Places that have never existed except in the human imagination may find an incongruous afterlife in the everyday world. Umberto Eco tells of how an attempt to commemorate the brownstone New York home of Nero Wolfe, Rex Stout’s orchid-loving fictional detective, runs up against the resistance of fact. Wolfe’s house cannot be identified because Stout “always talked of a brownstone at a certain number on West 35th Street, but in the course of his novels he mentioned at least ten different street numbers – and what is more, there are no brownstones on 35th Street”. Using Eco’s typology, a fiction has been transmuted into a legend: “Legendary lands and places are of various kinds and have only one characteristic in common: whether they depend on ancient legends whose origins are lost in the mists of time or whether they are in effect a modern invention, they have created flows of belief.”
Because they involve the belief that they existed, exist or can be made to exist – whether in the past, the future or somewhere off the map – legendary places are illusions rather than fictions. The distinction may sometimes be blurry, as the example of Nero Wolfe’s house shows; but the difference is fundamental to this enriching and playfully erudite exploration of the fabulous lands that human beings have invented.
Fictions we know to be neither true nor false and paradoxically this gives them a kind of absolute veracity that historical facts can never have: “The credulous believe that El Dorado and Lemuria exist or existed somewhere or other, but we all know that it is undeniably certain that Superman is Clark Kent and that Dr Watson was never Nero Wolfe’s right-hand man ... All the rest is open to debate.” Unfortunately, humans have an invincible need to believe in their fictions. So they turn them into legends, which they anxiously defend from doubt – even to the point of attacking and killing those who do not share them.
Eco thinks it is not too difficult to explain why humankind is so drawn to legendary places: “It seems that every culture – because the world of everyday reality is cruel and hard to live in – dreams of a happy land to which men once belonged, and may one day return.” Nowadays everyone believes that the ability to envision alternate worlds is one of humankind’s most precious gifts, a view Eco seems to endorse when, at the end of his journey through legendary lands, he describes these visions as “a truthful part of the reality of our imagination”. Yet Eco highlights a darker side of these visions when he describes how the Nazis drew inspiration from legends of ancient peoples, variously situated in ultima Thule (“a land of fire and ice where the sun never set”), Atlantis and the polar regions, who spoke languages that were “racially pure”. Himmler was obsessed with ancient Nordic runes, while in an interview after the war the commander of the SS in Rome claimed that when Hitler ordered him to kidnap Pope Pius XII so he could be interned in Germany, he also ordered the Pope to take from the Vatican library “certain runic manuscripts that evidently had esoteric value for him”.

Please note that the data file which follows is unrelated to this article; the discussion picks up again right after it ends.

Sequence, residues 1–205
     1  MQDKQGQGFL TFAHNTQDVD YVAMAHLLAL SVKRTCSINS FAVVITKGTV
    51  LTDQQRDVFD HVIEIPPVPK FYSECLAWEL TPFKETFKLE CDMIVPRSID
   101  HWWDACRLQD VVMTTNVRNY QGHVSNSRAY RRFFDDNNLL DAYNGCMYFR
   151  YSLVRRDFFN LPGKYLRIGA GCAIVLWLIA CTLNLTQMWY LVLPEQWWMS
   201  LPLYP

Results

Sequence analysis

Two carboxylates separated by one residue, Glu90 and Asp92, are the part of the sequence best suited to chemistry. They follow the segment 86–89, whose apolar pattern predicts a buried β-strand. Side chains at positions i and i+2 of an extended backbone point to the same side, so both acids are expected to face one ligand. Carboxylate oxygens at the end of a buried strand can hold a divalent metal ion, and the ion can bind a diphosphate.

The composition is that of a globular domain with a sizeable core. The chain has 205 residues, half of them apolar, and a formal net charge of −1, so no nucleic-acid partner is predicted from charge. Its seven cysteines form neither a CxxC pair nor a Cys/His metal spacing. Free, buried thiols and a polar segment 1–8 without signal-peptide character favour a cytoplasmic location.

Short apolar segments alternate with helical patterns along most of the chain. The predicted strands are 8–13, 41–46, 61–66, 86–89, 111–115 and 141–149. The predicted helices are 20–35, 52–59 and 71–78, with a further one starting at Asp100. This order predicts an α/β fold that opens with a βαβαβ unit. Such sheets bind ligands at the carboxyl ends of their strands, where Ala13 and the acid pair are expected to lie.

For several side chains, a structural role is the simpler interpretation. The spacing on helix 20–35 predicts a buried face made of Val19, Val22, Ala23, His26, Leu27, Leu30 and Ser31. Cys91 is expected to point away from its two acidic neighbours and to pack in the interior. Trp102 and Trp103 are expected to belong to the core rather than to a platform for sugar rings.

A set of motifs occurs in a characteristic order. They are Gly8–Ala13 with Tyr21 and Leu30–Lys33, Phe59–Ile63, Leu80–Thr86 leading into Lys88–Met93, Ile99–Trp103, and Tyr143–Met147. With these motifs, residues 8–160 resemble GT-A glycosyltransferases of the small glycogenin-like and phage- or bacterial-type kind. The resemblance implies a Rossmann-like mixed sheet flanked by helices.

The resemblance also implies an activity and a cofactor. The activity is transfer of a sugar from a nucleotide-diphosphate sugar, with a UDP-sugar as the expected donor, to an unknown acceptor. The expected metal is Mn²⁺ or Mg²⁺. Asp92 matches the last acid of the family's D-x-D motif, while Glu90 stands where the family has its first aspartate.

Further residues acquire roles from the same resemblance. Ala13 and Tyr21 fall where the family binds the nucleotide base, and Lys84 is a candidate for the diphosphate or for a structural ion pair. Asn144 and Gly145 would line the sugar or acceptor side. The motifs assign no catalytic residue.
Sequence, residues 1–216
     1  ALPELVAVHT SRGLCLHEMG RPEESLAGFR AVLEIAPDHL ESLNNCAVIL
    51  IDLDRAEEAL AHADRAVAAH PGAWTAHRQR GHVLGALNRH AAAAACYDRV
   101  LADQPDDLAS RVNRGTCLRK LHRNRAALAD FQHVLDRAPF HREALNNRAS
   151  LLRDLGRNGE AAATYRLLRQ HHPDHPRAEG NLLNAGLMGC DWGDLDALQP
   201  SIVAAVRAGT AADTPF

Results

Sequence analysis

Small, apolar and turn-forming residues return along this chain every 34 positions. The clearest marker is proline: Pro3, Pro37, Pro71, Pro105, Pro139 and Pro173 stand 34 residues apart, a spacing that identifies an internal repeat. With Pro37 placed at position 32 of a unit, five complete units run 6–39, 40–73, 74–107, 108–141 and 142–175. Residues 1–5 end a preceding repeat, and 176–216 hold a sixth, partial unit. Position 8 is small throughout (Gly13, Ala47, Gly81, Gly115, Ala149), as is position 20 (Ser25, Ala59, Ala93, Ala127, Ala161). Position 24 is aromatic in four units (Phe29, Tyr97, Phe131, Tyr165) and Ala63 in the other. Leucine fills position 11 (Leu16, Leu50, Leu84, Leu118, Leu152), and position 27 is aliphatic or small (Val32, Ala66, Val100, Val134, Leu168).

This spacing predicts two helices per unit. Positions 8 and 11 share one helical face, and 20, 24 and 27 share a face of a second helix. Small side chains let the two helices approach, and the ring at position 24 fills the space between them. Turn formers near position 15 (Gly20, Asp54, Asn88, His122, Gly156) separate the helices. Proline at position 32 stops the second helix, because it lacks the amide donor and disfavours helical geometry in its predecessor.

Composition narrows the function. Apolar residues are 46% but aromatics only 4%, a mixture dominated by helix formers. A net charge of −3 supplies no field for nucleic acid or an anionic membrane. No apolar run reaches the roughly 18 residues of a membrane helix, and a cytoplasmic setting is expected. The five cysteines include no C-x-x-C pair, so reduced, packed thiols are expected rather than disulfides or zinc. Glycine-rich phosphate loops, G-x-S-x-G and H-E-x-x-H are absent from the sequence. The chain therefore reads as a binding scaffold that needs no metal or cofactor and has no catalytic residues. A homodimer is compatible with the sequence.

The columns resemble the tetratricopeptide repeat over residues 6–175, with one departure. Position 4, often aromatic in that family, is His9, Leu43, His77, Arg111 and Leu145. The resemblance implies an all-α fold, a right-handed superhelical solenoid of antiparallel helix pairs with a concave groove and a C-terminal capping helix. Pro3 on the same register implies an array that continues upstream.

The Nazi adoption of the swastika began with the Thule Society, a secret racist organisation founded in 1918. Legends of lost lands fed the ideology of Aryan supremacy. In 1907, Jörg Lanz founded the Order of the New Temple, preaching that “inferior races” should be subjected to castration, sterilisation, deportation to Madagascar and incineration – ideas, Eco notes, that “were later to be applied by the Nazis”. Legendary lands are idylls from which minorities, outsiders and other disturbing elements have been banished. When these fantasies of harmony enter politics, a process of exclusion is set in motion whose end point is mass murder and genocide.
A metamorphosis of fiction into legend occurred when some Nazis took seriously a picture of the world presented by the Victorian novelist Edward Bulwer-Lytton. In his novel The Coming Race (1871), Bulwer-Lytton tells of the “Vril-ya”, survivors from the destruction of Atlantis who possessed amazing powers as a result of being imbued with Vril, a type of cosmic energy, living in the hollow interior of earth. He intended the book as an exercise in fantasy literature but the founder of the Thule Society, who also founded a Vril Society, seems to have taken it more literally. Occultists in several countries read Bulwer-Lytton’s novel as a fictional rendition of events that may actually have happened and the legend was mixed in the stew of mad and bad ideas we now call Nazism.
The process at work was something like that described in Jorge Luis Borges’s story “Tlön, Uqbar, Orbis Tertius”, in which an encyclopaedia of an imaginary world subverts and disrupts the world that has hitherto been real. The difference is that in Borges’s incomparable fable the secret society that devised the encyclopaedia knew it to be fiction, while 19th-century occultists and some 20th-century Nazis accepted Bulwer-Lytton’s fiction as a version of fact. Among the marks that Bulwer-Lytton’s Vril-ya left in the real world, the most lasting was reassuringly prosaic: the name given to Bovril, the meat extract invented in the 1870s.